Time Limits for Filing a Worker’s Compensation Claim

Work injuries can cause a lot of stress.  It helps to know the details of worker’s compensation laws in your state.  Here, Jeffrey Scholnick addresses worker’s compensation time limits and details on time limit extensions.

This article applies specifically to Maryland Workers’ Compensation law.

In order to receive workers’ compensation benefits, you are required to file a claim within a certain time limit.

As noted in a previous post on my website, there are two important deadlines that you need to know about filing a Worker’s Compensation Claim for an accidental injury.

  1. How long after an accident can I file a claim?

Answer- You have to file an Employee’s Claim Form within two years of the accident, but you should really file your claim within 60 days of the accident. Actually, you should file the Employee’s Claim Form as soon as possible.

  1. How long do I have to give notice of injury after an accident?

Answer – You need to give notice of your injury within 10 days of the accident.  I recommend that you tell your boss and and Human Relations Department supervisor on the accident date or as soon as you realize that you were injured in the accident.

These two rules seem very simple, but can be complicated because of certain exceptions and because of the individual facts of your case.  You really need to consult an attorney with experience in Workers’ Compensation Claims before proceeding.  Since I have 30 years of experience in Workers’ Compensation cases, feel free to call me.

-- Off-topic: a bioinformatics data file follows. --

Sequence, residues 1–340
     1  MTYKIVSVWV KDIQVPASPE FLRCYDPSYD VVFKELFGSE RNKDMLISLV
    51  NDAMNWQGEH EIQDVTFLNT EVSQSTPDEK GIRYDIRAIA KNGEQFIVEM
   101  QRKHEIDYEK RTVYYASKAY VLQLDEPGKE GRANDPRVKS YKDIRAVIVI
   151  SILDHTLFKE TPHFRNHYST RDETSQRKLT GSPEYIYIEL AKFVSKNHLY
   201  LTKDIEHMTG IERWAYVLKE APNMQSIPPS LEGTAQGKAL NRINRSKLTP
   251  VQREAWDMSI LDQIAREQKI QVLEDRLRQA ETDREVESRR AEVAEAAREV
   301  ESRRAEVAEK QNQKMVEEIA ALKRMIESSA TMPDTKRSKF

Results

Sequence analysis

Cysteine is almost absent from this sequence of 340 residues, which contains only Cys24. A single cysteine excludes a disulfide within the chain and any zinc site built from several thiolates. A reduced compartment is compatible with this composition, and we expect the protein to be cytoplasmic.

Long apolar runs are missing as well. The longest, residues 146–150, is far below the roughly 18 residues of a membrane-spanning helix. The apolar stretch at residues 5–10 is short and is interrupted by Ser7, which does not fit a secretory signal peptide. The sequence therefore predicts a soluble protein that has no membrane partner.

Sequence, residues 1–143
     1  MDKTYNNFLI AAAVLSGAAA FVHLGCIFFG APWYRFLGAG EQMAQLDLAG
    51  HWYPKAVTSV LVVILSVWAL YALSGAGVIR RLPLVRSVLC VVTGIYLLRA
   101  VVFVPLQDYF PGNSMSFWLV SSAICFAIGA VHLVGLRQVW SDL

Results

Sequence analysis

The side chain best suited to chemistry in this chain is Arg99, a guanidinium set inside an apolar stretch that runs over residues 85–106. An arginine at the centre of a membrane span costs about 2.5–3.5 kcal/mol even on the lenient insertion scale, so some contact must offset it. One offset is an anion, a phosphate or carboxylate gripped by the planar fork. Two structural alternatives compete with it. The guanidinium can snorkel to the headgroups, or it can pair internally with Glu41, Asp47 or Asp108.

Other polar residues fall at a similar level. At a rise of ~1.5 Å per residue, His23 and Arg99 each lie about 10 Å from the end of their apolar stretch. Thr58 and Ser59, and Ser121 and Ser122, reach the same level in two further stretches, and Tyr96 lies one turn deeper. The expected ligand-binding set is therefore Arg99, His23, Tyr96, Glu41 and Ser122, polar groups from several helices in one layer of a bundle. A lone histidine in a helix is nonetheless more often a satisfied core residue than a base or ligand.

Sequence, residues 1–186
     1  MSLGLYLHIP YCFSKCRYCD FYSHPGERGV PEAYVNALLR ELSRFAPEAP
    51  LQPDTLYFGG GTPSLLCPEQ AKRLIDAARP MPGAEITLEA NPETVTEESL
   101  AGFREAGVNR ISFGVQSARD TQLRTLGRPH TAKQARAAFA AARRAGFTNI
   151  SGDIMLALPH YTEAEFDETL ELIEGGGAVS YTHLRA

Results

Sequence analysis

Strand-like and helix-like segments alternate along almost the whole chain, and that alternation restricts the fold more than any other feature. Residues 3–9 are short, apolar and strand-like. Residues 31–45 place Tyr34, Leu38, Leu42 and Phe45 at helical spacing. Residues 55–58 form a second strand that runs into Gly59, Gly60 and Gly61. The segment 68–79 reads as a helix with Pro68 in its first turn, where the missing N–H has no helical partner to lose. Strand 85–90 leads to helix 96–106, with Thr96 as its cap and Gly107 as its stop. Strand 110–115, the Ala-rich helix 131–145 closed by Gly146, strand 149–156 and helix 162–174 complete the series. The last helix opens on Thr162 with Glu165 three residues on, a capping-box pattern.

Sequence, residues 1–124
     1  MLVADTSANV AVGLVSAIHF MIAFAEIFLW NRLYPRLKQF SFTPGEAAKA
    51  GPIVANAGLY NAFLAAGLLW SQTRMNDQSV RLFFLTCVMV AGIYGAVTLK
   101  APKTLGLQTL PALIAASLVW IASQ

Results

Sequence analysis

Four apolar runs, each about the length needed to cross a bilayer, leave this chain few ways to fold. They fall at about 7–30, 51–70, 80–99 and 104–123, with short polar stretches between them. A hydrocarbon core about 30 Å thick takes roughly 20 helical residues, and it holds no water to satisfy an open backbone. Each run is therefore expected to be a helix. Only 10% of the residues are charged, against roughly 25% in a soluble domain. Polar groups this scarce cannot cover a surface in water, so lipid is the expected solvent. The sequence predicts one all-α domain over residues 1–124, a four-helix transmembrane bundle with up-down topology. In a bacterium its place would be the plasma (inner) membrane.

The general rule is that the earlier you file your claim the easier it may be to  prove your eligibility for worker’s compensation and the sooner you can start to receive benefits.

In the case of occupational disease, time limits can be extended by quite a bit.  Let’s start by defining an occupational disease:

An OD is generally a condition that results slowly over time.  It results from a work condition that you repeat over time.

Here are some examples-

  • You can get carpal tunnel syndrome in your wrists from using a drill all day at work
  • you can get occupational asthma from breathing in certain types of fumes on the job
  • post traumatic stress disorder from seeing a co-worker killed or being the victim of a robbery

Here are a few things that you need to have an OD

  • Disablement- you need to lose time from work or have a change in your work duties due to condition
  • Causal connection-  it has to be a condition that is caused by work, not just aggravated by the work environment.  In other words, if you have asthma since your youth and then it is worsened by work, that is not a valid OD claim.  You will need a letter from your treating doctor saying that the OD is from the work condition.
  • The OD has to be a condition that is reasonable from the work condition- in other words, if the employer has other people that have done the same job as you for 40 years and no one, with the same exposure, has ever manifested occupational asthma, you will have a difficult time proving your case.

If you have a hernia that is work related, there is another law that specifically applies to this type of injury.

Confused by all of these rules?  This is the reason that it is important to consult an experienced worker’s compensation attorney to ensure that all deadlines applicable to your situation are met.  Even if your employer has informed you that you are too late to file a claim, meet with an attorney to determine whether this is true and if there are any rules that allow you a filing extension.  For more information on worker’s compensation laws, contact Jeffrey Scholnick today.  He has MORE THAN THIRTY years of experience dealing with these claims.

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